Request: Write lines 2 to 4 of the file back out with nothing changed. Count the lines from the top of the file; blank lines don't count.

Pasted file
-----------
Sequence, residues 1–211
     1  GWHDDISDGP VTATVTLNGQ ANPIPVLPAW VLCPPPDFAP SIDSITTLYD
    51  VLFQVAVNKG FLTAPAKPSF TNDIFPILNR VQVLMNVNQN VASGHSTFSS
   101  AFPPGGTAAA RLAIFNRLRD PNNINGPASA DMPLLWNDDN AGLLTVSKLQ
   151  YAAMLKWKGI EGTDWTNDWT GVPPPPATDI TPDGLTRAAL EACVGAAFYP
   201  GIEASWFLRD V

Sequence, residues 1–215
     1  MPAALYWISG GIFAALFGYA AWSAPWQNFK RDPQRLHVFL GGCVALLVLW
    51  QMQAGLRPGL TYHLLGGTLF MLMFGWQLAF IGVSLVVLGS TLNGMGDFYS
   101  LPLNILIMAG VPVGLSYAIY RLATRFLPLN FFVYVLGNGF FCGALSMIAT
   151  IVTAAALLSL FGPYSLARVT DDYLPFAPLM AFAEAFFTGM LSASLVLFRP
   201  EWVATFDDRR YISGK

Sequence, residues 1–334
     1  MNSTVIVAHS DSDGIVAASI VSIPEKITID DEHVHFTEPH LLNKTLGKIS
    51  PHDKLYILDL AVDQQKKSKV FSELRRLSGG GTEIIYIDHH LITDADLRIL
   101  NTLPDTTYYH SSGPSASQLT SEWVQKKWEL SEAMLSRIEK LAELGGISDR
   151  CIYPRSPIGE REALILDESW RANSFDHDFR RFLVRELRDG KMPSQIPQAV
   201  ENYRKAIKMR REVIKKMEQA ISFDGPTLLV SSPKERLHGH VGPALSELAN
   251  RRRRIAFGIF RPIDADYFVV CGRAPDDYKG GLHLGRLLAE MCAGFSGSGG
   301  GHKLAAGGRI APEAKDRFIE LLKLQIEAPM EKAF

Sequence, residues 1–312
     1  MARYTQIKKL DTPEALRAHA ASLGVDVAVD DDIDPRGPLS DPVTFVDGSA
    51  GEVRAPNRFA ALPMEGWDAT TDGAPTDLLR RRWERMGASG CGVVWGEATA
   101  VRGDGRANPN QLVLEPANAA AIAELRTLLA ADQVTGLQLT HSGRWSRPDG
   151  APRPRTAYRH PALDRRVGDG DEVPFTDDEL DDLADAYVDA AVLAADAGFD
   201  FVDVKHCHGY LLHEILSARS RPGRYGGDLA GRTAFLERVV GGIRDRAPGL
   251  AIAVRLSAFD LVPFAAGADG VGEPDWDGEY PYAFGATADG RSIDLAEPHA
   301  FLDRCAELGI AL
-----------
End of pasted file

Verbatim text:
     1  GWHDDISDGP VTATVTLNGQ ANPIPVLPAW VLCPPPDFAP SIDSITTLYD
    51  VLFQVAVNKG FLTAPAKPSF TNDIFPILNR VQVLMNVNQN VASGHSTFSS
   101  AFPPGGTAAA RLAIFNRLRD PNNINGPASA DMPLLWNDDN AGLLTVSKLQ